The dollar’s recent fluctuations have sent ripples through the global economy, and the stakes couldn’t be higher. A recent podcast episode of Macro Voices featuring Luke Groman, a long-term dollar bear, sheds light on the potential ramifications. The discussion delves into the intricate relationship between the dollar’s value, treasury yields, and the global financial system.
The Dollar’s Upward Trajectory: A Double-Edged Sword
The Dollar and Collateral Impact
Luke Groman, a seasoned financial analyst, warns that the dollar’s recent uptick could have a domino effect on collateral and the treasury market. As the dollar rises, the cost of servicing offshore dollar debt also increases. This forces foreign entities to sell what they can, often U.S. Treasuries, to defend their currencies and service their debts.
The Supply-Demand Dynamic
The U.S. is already grappling with a budget deficit that is nearly 8.5% of its GDP. Any upward movement in the dollar exacerbates this by increasing the supply of treasuries. The result? A precarious supply-demand dynamic that could lead to rising interest rates, especially at the long end of the yield curve.
The Doom Loop: A Vicious Cycle
The Treasury-Yield Spiral
As the dollar rises, foreign entities are compelled to sell U.S. Treasuries to acquire dollars, pushing interest rates higher. This, in turn, makes the dollar even more attractive, reducing global liquidity. The cycle repeats, creating a “Doom Loop” that could potentially destabilize financial markets. A rising dollar could force the U.S. government to issue more treasuries to cover exploding deficits, especially if the global economy slows down. This adds fuel to the fire, making the Doom Loop even more perilous.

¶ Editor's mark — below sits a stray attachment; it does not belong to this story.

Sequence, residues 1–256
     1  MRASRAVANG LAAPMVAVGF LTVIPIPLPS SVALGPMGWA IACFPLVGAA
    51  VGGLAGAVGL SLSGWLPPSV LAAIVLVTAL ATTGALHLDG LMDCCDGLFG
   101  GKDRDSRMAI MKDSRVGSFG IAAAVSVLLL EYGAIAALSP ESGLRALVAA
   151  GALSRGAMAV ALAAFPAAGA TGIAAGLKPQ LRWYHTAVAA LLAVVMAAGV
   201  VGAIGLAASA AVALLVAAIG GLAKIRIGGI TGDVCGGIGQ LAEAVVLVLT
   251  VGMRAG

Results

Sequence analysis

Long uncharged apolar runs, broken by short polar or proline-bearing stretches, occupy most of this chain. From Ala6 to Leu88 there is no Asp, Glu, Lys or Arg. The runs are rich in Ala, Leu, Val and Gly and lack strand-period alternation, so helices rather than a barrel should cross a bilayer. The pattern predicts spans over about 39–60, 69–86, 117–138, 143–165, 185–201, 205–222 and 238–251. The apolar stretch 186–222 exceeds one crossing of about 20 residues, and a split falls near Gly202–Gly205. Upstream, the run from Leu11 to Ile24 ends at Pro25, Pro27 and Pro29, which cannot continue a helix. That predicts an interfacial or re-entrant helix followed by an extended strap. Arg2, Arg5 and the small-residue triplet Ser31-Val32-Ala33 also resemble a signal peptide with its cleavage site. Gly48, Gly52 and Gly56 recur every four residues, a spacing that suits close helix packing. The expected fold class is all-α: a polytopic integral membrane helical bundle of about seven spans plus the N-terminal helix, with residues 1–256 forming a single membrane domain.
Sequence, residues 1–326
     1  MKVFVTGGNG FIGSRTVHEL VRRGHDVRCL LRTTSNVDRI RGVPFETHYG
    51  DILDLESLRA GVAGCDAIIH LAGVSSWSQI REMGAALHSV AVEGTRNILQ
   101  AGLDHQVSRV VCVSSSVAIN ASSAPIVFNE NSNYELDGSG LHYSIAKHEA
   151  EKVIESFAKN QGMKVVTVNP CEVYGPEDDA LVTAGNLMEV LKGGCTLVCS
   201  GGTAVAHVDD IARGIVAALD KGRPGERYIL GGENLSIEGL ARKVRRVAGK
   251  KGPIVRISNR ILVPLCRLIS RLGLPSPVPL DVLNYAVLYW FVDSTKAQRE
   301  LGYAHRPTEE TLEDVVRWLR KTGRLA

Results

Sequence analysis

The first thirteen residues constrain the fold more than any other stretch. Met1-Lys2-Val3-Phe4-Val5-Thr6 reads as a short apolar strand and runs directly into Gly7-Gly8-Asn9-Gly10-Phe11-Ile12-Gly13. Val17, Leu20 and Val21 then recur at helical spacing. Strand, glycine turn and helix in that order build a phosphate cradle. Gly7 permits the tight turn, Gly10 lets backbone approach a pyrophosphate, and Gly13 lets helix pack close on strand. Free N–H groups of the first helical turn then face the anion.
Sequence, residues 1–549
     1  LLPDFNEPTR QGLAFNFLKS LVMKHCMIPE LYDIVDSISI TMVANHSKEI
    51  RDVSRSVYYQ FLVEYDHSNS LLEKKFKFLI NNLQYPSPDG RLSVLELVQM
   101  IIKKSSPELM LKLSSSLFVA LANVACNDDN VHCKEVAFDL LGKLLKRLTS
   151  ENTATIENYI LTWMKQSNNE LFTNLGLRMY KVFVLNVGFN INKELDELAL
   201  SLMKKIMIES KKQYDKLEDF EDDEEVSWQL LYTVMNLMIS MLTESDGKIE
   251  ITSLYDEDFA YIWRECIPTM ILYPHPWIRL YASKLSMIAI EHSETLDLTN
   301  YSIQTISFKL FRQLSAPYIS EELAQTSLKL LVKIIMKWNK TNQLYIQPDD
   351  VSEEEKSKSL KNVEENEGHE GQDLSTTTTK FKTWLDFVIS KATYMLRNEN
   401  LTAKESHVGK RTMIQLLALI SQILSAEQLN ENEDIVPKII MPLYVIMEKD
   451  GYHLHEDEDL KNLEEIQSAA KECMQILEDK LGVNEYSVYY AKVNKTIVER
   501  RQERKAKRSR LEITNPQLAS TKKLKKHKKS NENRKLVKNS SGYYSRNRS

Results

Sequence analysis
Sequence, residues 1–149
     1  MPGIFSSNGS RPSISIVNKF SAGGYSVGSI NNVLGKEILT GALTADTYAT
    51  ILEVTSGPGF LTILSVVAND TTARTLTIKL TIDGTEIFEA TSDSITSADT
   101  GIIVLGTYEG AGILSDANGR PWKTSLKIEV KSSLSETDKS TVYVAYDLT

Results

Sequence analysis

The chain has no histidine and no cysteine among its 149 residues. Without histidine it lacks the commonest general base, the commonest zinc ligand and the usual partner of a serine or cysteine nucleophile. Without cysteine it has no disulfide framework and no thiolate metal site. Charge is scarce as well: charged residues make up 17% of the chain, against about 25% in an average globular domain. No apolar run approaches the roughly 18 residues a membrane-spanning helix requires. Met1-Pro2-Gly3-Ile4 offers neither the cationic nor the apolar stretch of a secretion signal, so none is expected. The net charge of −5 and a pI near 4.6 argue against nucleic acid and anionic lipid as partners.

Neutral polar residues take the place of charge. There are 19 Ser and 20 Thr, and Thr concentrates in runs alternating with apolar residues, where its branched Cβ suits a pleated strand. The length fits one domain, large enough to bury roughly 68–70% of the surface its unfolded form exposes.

The Resistance Level: A Financial Litmus Test
The Technical Perspective
The dollar recently broke through a significant resistance level around 105.6 on the DXY index. If it sustains above this level, the next resistance could be as high as 112 or 113. Breaking through these levels could trigger discussions of a new Plaza Accord, a coordinated effort to devalue the dollar. If the dollar drops back below the 105.6 level and stays there, it could ease the pressure on foreign entities to sell U.S. Treasuries. This would be a welcome relief, potentially reversing the Doom Loop and giving the global economy some breathing room.
The Stock Market: A Ticking Time Bomb?
October has historically been a volatile month for stock markets, with crashes in 1929 and 1987 serving as stark reminders. One common factor in these crashes was rising interest rates, precisely what we’re witnessing now. Rising interest rates decrease the value of U.S. Treasuries, which serve as collateral for euro-dollar banks. With less valuable collateral, these banks struggle to supply the same amount of dollar liquidity, creating a potential trigger for a stock market crash.
The dollar’s recent movements are not just numbers on a screen; they’re a barometer for global financial stability. The situation is fluid, and the stakes are astronomical. Monitoring these developments isn’t just advisable; it’s imperative.